It isn’t news to most that Ohio Wesleyan University students are among the nation’s leaders in community service, as recognized by OWU’s 2009 Presidential Award. But some might be surprised to see recent graduates such as Mery Kanashiro ’10 making a career out of serving the Delaware County community.
Kanashiro is working as a first-year AmeriCorps VISTA volunteer with two area organizations: the Women’s City Club of Delaware, a nonprofit organization dedicated to providing housing for single, low-income working women; and Family Promise of Delaware County, an interfaith network of local congregations that provides food, shelter, and assistance with obtaining employment and housing to homeless families.
When Kanashiro isn’t researching poverty in Delaware County or building relationships with the women and families she serves, she works on increasing the capacity of havens such as the Women’s City Club, where she lives as a VISTA worker.
“Living at the poverty line and in community with one of the organizations that I am trying to establish a partnership with has allowed me to become immersed with my work and understand it on a more personal level,” Kanashiro says.
Some of the projects Kanashiro has undertaken with the Women’s City Club since beginning her VISTA assignment this fall include recruiting volunteers, increasing OWU campus publicity for fundraising events, and compiling a binder of community resources as a reference for residents of the Women’s City Club. She’s also worked extensively with Family Promise, recruiting OWU students to develop marketing materials, including a new website for the organization.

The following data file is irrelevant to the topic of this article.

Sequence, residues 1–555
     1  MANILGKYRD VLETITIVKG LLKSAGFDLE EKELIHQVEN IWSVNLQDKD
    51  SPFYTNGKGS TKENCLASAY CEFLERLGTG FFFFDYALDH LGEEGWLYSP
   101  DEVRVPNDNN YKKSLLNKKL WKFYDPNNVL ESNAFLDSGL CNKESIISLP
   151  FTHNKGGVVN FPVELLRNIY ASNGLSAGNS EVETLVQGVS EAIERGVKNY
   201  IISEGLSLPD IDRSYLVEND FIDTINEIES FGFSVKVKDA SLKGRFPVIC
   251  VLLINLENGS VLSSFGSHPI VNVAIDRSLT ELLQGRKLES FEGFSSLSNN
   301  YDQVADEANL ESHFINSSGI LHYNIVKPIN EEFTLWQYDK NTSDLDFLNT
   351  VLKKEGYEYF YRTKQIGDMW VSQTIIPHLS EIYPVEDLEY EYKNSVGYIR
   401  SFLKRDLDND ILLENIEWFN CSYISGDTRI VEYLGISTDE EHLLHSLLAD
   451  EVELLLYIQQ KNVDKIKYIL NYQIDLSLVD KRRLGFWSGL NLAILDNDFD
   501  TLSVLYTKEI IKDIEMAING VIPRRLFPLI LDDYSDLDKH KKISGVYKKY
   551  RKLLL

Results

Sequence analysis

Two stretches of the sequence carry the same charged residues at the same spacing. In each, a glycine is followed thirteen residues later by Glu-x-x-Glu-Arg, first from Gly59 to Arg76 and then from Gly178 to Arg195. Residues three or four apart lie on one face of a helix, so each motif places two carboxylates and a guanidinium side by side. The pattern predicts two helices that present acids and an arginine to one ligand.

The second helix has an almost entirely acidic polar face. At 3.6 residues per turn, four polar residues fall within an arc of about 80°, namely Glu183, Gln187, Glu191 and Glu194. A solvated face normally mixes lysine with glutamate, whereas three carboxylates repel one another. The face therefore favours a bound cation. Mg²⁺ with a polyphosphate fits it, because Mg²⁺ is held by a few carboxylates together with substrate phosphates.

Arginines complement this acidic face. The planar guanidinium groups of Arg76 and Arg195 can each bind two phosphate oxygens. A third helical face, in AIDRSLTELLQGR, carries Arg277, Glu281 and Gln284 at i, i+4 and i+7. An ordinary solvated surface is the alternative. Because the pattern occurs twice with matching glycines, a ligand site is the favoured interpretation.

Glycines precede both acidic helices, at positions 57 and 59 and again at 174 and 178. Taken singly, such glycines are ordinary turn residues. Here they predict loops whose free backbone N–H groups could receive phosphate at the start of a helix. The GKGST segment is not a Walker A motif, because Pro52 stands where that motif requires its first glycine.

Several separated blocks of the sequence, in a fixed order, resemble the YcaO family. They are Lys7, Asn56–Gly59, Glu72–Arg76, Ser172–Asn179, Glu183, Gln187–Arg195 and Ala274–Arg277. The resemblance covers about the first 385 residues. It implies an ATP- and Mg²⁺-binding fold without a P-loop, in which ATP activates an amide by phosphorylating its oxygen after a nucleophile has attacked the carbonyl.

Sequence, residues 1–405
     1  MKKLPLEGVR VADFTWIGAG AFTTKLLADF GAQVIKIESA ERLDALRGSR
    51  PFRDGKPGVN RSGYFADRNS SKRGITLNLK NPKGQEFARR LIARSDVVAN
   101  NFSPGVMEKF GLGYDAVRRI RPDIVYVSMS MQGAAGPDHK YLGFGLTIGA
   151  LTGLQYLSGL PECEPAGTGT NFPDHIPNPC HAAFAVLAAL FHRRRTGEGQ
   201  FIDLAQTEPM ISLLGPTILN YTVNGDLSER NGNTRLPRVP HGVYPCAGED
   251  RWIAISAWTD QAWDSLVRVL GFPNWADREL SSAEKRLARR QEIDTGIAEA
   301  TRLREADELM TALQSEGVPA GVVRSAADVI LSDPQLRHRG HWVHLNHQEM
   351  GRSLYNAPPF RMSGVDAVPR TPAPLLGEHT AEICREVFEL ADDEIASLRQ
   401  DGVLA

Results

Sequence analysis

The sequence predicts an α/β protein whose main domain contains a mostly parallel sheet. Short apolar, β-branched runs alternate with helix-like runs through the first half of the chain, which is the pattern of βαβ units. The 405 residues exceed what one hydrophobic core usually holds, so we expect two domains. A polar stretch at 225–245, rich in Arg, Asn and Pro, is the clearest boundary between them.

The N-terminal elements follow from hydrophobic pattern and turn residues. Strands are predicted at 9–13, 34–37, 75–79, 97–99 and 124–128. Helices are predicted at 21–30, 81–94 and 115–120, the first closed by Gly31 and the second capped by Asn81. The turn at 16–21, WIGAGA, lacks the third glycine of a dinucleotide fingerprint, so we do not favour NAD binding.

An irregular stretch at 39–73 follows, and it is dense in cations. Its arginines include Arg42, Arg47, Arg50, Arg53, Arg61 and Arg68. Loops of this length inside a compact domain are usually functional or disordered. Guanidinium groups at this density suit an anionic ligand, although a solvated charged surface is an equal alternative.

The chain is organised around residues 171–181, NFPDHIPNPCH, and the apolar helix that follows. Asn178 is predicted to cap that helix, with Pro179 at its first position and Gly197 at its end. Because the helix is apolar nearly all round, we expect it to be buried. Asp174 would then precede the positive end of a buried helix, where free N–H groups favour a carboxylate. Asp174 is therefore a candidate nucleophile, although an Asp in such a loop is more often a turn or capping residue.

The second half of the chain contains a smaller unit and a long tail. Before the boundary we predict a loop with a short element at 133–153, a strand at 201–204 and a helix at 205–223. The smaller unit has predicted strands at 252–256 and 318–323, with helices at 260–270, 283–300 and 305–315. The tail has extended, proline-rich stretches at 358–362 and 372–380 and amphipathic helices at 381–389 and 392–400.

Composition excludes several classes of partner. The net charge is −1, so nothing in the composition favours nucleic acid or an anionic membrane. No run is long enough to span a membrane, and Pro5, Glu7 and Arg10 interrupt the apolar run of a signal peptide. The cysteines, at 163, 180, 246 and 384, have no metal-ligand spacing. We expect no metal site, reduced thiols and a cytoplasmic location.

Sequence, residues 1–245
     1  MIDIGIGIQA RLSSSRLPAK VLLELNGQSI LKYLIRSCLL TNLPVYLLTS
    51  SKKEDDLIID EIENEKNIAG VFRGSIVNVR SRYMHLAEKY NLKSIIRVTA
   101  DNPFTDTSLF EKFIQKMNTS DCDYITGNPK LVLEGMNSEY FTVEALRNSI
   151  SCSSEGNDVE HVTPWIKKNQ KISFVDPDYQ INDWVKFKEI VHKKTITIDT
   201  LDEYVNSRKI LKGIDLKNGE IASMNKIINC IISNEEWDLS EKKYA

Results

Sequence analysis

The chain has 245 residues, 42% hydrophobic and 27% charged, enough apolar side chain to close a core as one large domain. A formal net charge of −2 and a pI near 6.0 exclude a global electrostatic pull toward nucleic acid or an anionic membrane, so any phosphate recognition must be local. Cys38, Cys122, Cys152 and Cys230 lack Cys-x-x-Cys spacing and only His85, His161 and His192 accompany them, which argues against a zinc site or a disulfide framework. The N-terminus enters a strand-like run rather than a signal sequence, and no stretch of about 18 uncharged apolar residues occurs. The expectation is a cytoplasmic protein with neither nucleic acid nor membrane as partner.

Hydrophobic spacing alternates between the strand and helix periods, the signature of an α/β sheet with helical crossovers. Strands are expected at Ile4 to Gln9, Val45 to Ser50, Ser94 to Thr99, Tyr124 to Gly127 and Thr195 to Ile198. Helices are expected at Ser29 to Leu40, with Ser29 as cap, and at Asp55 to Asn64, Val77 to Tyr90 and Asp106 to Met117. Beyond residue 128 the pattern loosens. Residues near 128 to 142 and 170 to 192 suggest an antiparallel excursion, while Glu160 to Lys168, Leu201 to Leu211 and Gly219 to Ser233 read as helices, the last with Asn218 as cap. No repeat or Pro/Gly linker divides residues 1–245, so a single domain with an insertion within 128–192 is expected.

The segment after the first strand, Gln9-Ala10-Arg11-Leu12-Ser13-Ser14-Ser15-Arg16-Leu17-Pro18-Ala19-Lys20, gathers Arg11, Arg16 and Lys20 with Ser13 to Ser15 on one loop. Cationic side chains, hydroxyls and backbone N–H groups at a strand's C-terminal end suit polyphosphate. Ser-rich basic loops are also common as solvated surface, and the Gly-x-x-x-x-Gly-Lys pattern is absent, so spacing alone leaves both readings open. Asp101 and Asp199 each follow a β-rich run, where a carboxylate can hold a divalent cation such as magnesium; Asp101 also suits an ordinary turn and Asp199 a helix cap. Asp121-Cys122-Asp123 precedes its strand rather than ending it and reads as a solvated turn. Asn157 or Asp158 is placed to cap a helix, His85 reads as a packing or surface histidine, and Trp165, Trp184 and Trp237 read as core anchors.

Kanashiro seeks to raise poverty awareness among OWU students—a difficult task because the campus can act as an insulating bubble in some cases, Kanashiro says.
“Being a student inherently places you in an environment where you are insulated from the surrounding community,” Kanashiro says. “It is easy to forget that just a short distance from campus there are pockets of deep relative poverty in our community, as well as absolute poverty.”
Poverty also stems from a lot of diverse, but interconnected issues, making it difficult to pinpoint and combat a single cause, Kanashiro says. Examples include decreases in entry-level jobs with advancement opportunities, a low minimum wage, and a lack of affordable housing. A shortage of life-skill education programs exacerbates the problem.
“It’s hard not to stress education as a primary way, and perhaps the only sustainable way, to prevent poverty and also break the cycles of generational poverty,” Kanashiro says.
Looking forward, Kanashiro wants to continue working with the social-justice issues she is so passionate about, possibly by completing a second year of VISTA service, using her VISTA education award to go to graduate school to study non-profit management, or joining the Peace Corps.
“The world’s wide open!” she says.